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Thursday, 25 November 1999
Page: 12711


Mr JENKINS (3:53 PM) —It is very instructive when the Minister for Health and Aged Care, as a cabinet minister who was involved in the decisions that put in place the goods and services tax, does not have the decency to enter into the debate about how it is going to affect matters that are under his portfolio.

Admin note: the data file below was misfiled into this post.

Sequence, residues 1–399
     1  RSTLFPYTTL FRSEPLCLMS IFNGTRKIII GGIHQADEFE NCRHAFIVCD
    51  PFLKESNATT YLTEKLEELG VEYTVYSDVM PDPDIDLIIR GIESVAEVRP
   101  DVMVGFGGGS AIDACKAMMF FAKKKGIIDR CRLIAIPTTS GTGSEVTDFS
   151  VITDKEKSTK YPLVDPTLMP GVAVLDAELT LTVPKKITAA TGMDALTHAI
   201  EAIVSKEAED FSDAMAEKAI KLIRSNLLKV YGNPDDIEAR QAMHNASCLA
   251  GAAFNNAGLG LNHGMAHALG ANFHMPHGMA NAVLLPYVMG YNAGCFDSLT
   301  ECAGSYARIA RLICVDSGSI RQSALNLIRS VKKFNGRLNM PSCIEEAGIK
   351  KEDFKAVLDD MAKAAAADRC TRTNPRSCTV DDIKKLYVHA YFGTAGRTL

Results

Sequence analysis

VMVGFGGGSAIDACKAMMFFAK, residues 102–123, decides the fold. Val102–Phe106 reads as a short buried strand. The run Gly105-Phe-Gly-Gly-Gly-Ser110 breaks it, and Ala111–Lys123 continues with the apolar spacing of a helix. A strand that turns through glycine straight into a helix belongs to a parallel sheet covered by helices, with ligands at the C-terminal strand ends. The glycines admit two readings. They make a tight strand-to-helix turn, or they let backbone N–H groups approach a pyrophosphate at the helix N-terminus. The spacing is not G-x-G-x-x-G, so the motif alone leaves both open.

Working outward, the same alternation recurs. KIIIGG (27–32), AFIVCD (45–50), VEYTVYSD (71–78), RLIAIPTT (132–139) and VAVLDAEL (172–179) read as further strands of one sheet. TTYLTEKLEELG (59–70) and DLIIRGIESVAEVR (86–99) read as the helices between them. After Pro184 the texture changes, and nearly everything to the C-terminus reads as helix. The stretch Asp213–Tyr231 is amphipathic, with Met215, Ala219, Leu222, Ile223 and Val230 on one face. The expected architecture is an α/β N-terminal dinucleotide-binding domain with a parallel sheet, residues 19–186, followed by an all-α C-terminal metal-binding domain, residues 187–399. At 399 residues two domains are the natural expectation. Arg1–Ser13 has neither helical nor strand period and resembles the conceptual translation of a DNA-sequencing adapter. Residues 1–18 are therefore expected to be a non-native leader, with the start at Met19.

In this debate, it is very important to outline what is in fact the state of public hospitals at the moment. If we look at recent headlines, to say that public hospitals are in crisis is an understatement. We had yesterday in the Australian Financial Review an article headlined `Australia's health system is in a critical condition'. We have had a headline in the Australian of 11 November `Push mounts for hospital fix'. We have headlines in other states on the condition of the health system. For instance, a Canberra Times headline read `Health system on life-support'. In the Sydney Morning Herald of 10 November, a headline read `Pressure mounts for more hospital funding'. There are even emotive headlines like the one we saw in the West Australian of Tuesday, 9 November: `Fund cuts "kill patients"'. The purpose of raising this matter of public importance is to indicate that, in an environment where public hospitals are doing it tough, struggling and having to cut back to bare bones, where they almost are extracting the marrow, the effect that the consequences of the new tax system surrounding a GST are going to have on the administration of public hospitals should be looked at seriously. And for the minister to run away from such a discussion is a disgrace.